Gunn is hired by a jazz club owner to prove one of his musicians has been framed for murder, but the musician's lawyer doesn't want Gunn's assistance.

Director:

Writers:

(creator),
Reviews
Edit

Cast

Episode complete credited cast:
...
...
Hope Emerson ...
Herschel Bernardi ...
Patricia Powell ...
Sally Norris
Leigh Whipper ...
Lodi
Carlo Fiore ...
Streetcar Jones
Carlyle Mitchell ...
George Norris
Edit

Storyline

Gunn is hired by a jazz club owner to prove one of his musicians has been framed for murder, but the musician's lawyer doesn't want Gunn's assistance.

Plot Summary | Add Synopsis

Plot Keywords:

murder | lawyer | jazz club | blackmail | See All (4) »

Genres:

Action | Mystery | Crime | Drama

Edit

Details

Language:

Release Date:

29 September 1958 (USA)  »

Company Credits

Production Co:

 »
Show detailed on  »

Technical Specs

Runtime:

Sound Mix:

(Westrex Recording System)

Aspect Ratio:

1.33 : 1
See  »
Edit

Did You Know?

Quotes

[first lines]
Lodi: Thank you. And now for exponents of the new sound, The Big Guy presents for his final performance the man who has found some strange and exciting ways to wander from the tonic to the dominant chord in the company of minor sevenths - Martin Swift!
[the stage curtain is pulled back revealing a jazz musician who falls off his chair with a knife in his back]
See more »

Soundtracks

Peter Gunn
Music by Henry Mancini
Henry Mancini and His Orchestra; John Williams, piano; Robert Bain, guitar; Jack Sperling, drums; Rolly Bundock, bass; Larry Bunker, vibes; Richard Nash, Milt Bernhart, trombone; Pete Candoli, Conrad Gozzo', trumpet; Ted Nash, alto sax; Ronnie Lang, baritone sax; Gene Cipriano, flute.
See more »

Frequently Asked Questions

This FAQ is empty. Add the first question.

User Reviews

 
Like, Crazy, Man; You Dig?
20 December 2009 | by (United States) – See all my reviews

This episode is full of jive talk of the late '50s. The ironic thing is, many of the words are still being used today frequently, like "like" where it shouldn't be and "cool," which never seems to go out of style.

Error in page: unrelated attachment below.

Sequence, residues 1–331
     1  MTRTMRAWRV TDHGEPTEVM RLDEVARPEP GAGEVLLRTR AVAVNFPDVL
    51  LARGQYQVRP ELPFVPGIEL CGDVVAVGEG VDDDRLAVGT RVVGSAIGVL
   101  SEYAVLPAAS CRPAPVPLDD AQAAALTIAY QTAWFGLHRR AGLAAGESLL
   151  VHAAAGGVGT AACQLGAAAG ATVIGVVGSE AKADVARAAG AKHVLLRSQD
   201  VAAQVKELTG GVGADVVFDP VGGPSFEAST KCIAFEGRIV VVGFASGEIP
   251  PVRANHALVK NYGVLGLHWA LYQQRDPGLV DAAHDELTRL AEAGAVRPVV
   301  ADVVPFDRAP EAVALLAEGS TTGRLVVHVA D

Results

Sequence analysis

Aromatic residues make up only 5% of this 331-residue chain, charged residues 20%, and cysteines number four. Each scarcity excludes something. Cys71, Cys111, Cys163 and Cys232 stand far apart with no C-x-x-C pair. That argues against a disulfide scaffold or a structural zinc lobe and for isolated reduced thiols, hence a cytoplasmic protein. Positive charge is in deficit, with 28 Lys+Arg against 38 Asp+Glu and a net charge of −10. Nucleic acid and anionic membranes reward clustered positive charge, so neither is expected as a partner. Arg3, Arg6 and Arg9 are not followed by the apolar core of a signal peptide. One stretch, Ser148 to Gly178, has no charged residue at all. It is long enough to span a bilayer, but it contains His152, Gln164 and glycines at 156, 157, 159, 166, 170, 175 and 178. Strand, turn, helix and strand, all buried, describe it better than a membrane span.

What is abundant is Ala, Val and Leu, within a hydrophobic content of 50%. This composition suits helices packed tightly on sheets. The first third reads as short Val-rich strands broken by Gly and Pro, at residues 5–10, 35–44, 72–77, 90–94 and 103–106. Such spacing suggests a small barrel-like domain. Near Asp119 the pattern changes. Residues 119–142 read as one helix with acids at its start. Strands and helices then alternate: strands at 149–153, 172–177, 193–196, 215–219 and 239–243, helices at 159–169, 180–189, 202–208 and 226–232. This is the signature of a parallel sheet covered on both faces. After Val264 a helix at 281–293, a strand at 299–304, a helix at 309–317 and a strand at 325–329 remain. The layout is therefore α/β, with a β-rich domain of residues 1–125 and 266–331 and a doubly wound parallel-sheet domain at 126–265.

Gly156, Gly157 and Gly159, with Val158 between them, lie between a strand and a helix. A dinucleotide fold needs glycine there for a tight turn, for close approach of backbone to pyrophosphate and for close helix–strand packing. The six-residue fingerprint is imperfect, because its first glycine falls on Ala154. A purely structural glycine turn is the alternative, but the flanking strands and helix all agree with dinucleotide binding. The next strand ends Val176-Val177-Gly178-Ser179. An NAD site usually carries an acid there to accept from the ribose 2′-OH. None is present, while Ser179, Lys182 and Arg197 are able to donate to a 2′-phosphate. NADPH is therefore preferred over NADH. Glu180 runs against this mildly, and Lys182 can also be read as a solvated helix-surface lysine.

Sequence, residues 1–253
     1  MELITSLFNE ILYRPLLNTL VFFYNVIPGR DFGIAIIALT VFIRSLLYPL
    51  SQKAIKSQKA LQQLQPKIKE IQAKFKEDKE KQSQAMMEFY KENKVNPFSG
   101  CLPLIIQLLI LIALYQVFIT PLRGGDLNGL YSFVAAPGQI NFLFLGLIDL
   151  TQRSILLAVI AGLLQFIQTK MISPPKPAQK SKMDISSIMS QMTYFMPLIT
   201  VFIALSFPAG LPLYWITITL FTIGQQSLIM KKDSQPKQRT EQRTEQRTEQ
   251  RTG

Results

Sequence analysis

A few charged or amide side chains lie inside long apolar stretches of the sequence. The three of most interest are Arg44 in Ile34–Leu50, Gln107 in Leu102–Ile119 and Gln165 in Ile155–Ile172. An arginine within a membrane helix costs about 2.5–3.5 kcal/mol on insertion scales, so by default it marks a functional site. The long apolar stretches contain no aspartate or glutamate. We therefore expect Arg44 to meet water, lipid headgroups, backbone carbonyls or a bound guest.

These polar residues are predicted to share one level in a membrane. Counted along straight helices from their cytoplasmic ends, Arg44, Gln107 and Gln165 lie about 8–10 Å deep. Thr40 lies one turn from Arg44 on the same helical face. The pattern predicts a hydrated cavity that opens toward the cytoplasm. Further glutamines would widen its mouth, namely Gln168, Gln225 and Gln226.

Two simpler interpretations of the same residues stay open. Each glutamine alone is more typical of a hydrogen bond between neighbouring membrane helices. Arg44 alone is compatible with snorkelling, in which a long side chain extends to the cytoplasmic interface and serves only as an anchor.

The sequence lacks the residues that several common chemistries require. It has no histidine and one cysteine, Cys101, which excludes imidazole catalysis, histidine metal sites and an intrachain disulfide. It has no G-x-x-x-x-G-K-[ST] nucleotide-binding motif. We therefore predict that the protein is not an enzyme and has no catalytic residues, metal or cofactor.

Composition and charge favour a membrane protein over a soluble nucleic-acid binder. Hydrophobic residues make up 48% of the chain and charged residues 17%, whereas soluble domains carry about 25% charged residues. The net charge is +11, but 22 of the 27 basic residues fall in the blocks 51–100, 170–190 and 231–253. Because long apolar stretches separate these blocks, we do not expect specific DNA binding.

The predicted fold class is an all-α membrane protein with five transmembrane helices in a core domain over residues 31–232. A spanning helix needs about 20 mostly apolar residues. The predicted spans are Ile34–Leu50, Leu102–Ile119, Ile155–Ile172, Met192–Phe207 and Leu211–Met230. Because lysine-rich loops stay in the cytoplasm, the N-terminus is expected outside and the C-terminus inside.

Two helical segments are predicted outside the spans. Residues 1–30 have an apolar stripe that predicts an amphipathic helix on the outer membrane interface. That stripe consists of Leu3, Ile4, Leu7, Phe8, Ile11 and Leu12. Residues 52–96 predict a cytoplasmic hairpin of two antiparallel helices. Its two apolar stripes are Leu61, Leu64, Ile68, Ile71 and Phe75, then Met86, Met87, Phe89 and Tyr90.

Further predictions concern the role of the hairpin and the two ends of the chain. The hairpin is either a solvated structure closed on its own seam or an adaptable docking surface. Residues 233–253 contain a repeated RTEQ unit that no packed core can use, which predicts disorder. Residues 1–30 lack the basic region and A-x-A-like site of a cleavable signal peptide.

Crazy.

No, "crazy" means "cool," too, but is one of the expressions not used in years. Anyway, this story involves jazz musicians so you get a lot of the hip lingo. "Streetcar Jones" sounds a lot like "Maynard G. Krebs," if you're old enough to remember him, too.

"Streetcar" is the prime suspect of a murder of a fellow jazz artist. The victim was not well-liked by any of his peers, though, so the killer could be anyone. However, since he didn't up a struggle, the guess is that he's a fellow musician, someone he wouldn't turn his back on. I don't want to ruin it by saying how it exactly was, or even if it was a musician.

Leigh Whipper was fun to watch as the goateed jazzman "Lodi," This was his last acting role. The man was 82 years old when he played this part!! He came close to living 100 years.

Carlo Fiore, who played "Streetcar," had a limited career and had drug problems for decades. This role was perfect for him. For a guy with such a short acting career, he has a long and interesting biography here on IMDb.

Suffice to say this a fun episode to both hear and see. Ya "dig?"


9 of 9 people found this review helpful.  Was this review helpful to you?

Message Boards

Recent Posts
Why was Peter Gunn canceled? triumphirs
Episode: Sing A Song of Murder - Harry Belafonte in this? CaperGuy
Lola Albright chesarat
The Short Motive episode marik4me
Robert Altman episodes frankyvaz
Stylized rotating logo mister-mike
Discuss Streetcar Jones (1958) on the IMDb message boards »

Contribute to This Page

Create a character page for:
?